Going Where No Origami Has Gone Before


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In a challenge that sounds a little like trying to squeeze a week’s worth of clothing into a permissible carry-on bag, researchers at BYU have taken on the task of fitting larger, more powerful solar arrays onto rockets. Their solution: origami.

“It’s expensive and difficult to get things into space; you’re very constrained in space,” Brigham Young University mechanical engineering professor and research team leader Larry Howell says. “With origami you can make it compact for launch and then as you get into space it can deploy and be large.”

The BYU team has come up with a one-twentieth scale prototype for a 25-meter array system that would wrap around a spacecraft. The spacecraft would be carried to space in a rocket. Once the craft was released, the array would unfold. Like this:

space-origami1

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origami array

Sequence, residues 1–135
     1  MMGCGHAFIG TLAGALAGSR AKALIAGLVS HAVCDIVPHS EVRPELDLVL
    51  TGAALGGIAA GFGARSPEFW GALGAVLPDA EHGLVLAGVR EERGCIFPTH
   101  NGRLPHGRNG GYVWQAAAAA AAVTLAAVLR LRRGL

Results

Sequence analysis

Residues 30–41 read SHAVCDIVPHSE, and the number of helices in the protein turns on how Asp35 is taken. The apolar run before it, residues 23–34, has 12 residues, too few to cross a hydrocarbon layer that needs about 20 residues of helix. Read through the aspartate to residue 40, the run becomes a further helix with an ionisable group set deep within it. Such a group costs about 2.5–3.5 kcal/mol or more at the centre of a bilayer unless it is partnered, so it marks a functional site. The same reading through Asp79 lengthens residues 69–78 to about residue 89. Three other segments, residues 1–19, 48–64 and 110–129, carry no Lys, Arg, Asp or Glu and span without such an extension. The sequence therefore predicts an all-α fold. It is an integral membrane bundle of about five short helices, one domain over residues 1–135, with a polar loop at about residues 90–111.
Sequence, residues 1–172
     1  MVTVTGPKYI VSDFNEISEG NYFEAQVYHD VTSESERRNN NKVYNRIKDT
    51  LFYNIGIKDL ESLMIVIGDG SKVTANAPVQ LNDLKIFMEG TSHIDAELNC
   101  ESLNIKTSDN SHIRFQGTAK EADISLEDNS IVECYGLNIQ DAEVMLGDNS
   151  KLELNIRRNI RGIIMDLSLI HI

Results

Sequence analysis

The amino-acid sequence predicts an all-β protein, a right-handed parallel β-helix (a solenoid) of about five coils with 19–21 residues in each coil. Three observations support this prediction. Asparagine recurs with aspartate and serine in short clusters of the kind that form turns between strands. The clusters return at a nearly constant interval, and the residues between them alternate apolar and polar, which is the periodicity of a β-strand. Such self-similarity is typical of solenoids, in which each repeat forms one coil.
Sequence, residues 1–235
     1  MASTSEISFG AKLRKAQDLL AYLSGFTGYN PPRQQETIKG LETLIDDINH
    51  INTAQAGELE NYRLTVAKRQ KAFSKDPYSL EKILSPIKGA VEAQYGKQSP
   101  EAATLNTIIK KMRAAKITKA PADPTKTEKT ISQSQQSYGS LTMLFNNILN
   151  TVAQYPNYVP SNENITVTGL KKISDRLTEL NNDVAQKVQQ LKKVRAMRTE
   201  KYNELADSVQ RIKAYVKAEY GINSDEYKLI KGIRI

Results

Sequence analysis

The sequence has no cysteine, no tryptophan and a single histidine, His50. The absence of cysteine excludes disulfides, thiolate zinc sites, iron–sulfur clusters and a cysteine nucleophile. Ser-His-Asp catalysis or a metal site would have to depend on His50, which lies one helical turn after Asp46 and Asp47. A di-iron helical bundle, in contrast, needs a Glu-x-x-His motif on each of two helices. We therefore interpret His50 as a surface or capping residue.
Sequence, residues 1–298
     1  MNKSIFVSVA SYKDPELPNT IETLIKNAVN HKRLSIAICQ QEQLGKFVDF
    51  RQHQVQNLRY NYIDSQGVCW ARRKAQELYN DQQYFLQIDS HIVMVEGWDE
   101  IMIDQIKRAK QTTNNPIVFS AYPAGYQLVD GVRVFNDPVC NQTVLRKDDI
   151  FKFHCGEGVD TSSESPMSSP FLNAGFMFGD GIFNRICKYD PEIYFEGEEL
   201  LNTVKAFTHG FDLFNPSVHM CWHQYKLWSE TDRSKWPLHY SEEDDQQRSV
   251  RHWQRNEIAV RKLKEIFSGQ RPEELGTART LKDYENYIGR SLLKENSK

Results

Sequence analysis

Screen grabs from BYU News video

What we’re talking about here are compliant mechanisms – devices that “get their motion from things like bending, deflection instead of hinges and bearings,” as Howell puts it.

Origami is all of that, and to help gain insight into how the traditional Japanese paper-folding art might be used, the BYU researchers collaborated with a master, Robert J. Lang, who worked as a physicist and engineer before turning to origami full-time.

“Taking this art, this ancient art, and combining it with engineering, we’ve been able to discover new things and new motions that wouldn’t otherwise be possible,” Howell says.

Pete Danko is a writer and editor based in Portland, Oregon. His work has appeared in Breaking Energy, National Geographic's Energy Blog, The New York Times, San Francisco Chronicle and elsewhere.